HOW TO STOP A DOG FROM JUMPING A FENCE? 11 WAYS

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The phone rings, and it’s your neighbor complaining about how your dog crossed the fence again. Or worse, you find your little pup on a sidewalk near home while returning from work while it should instead be nestled in their beds at home. 

Is your best friend a bit of a mischief-maker? Maybe he’s a fence-climbing escape artist, and you’re at a loss for what to do. Well, it’s time to learn how to stop a dog from climbing a fence because the streets are a terrible place for an unprotected pet. And we fully understand your worries!

Various reasons can cause dogs to jump the fence, and there is no denying that. The urge of your dog to roam around or the myriad attractions that entice it away cannot be controlled. But you can enhance your fence to prevent your dog from scaling it.

Before you learn to do that, however, you must understand why dogs jump a fence. 

WHY DO DOGS JUMP FENCE?

In general, dogs jump fences to get away when they struggle with settling in a new environment, like shifting to a new house. In this case, your pet is uncomfortable. Another issue could be when they are confronted with a newly fenced backyard. The dog sees the fence as the only minor stumbling block between them and their dream of running around freely. 

Here are some other reasons why they might be tempted to escape:

#1. Companionship or Mating 

Companionship or Mating 
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Hearing another dog close by or recognizing a dog in bloom are both excellent reasons for a dog to flee and search out some other canines. This occurs more frequently in male dogs who have not yet been neutered. If your dog hasn’t been neutered yet, make an appointment right away.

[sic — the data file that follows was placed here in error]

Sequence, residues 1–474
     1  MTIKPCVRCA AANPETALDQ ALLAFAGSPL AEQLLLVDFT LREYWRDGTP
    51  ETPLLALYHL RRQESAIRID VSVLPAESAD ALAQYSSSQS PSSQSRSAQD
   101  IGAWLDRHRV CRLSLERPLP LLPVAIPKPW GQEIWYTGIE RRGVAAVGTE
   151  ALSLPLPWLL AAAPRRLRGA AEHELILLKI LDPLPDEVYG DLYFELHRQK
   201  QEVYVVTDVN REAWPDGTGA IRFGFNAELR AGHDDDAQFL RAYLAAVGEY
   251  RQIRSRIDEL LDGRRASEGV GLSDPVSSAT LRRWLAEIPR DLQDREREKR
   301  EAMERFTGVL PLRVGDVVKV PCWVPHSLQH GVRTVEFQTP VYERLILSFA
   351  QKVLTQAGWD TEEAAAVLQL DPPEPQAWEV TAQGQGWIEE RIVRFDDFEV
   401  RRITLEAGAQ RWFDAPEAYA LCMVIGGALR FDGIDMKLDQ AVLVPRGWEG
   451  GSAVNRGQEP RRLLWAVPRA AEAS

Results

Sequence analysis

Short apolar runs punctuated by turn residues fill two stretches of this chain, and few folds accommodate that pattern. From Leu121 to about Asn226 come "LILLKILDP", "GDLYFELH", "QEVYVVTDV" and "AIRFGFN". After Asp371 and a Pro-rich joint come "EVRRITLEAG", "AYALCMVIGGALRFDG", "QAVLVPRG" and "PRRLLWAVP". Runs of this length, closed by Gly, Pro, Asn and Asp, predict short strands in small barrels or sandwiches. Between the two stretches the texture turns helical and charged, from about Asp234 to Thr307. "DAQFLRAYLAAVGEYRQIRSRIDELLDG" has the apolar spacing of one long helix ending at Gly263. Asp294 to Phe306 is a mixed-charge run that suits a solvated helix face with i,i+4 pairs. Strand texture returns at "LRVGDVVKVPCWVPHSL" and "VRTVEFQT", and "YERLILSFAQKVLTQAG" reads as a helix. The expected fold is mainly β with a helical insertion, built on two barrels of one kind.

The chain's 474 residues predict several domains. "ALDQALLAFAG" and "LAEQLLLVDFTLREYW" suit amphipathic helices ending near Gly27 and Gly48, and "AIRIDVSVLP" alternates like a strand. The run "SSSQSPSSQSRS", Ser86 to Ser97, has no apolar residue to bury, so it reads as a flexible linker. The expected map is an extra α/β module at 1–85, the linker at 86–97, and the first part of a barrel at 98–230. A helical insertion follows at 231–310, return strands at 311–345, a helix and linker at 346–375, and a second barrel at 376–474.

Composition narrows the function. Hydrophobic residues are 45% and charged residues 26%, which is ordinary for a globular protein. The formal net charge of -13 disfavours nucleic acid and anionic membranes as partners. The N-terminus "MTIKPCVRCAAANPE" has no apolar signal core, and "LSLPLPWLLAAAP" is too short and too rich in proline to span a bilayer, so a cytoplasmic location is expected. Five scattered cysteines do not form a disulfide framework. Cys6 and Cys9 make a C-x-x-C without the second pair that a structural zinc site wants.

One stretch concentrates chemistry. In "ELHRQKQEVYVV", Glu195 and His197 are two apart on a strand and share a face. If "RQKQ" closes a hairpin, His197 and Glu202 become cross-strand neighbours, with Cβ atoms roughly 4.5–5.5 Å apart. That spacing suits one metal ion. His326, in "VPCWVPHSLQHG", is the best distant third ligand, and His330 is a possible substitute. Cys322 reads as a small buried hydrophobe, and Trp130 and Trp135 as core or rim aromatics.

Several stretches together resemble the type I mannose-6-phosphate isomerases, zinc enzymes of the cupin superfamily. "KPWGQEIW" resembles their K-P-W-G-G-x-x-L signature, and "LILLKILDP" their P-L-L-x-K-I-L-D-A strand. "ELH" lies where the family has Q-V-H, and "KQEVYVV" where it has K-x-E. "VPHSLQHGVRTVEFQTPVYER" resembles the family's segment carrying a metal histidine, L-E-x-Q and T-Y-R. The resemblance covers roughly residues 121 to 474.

Dogs’ lust for a mate drives them to jump over a fence. Neutering surgery is well worth the effort, especially for dogs who have been compelled to leave the yard in quest of “true love.”

#2. Boredom or Loneliness

Boredom or Loneliness
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When dogs are left alone in a yard for an extended period, they become bored or lonely. What if a dog isn’t getting enough attention, either from you or the rest of your family? And does your furry friend get enough exercise? 

If your answer is affirmative in either of these, you know what to do to prevent your dog from jumping a fence. Give them plenty of recreational activity and engage with them regularly, and they’ll be fine!

#3. Protection

Protection
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One reason could be that you live in a bustling area or you have noisy neighbors. In this busy scenario, your furry little friend possibly is trying to keep intruders out of the place they consider their own. 

Dogs are territorial and protective of their surroundings. They can often jump the fence to scare off people they consider to be intruders. Moreover, they might even view some people as a threat without reason, which is why they might cross the fence and try to protect themselves and their owners. 

#4. On the Lookout

On the Lookout
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Several breeds of dogs have a natural desire to seek and prey. In suburban settings, this is usually evident when rodents, kittens, or birds breach their territory. Dogs will frequently jump a fence to pursue a hunt, confident that they will capture the rogue if they do. However, this is a rare occurrence.

TOP EFFECTIVE ELEVEN WAYS THROUGH WHICH YOU CAN STOP YOUR DOG FROM JUMPING THE FENCE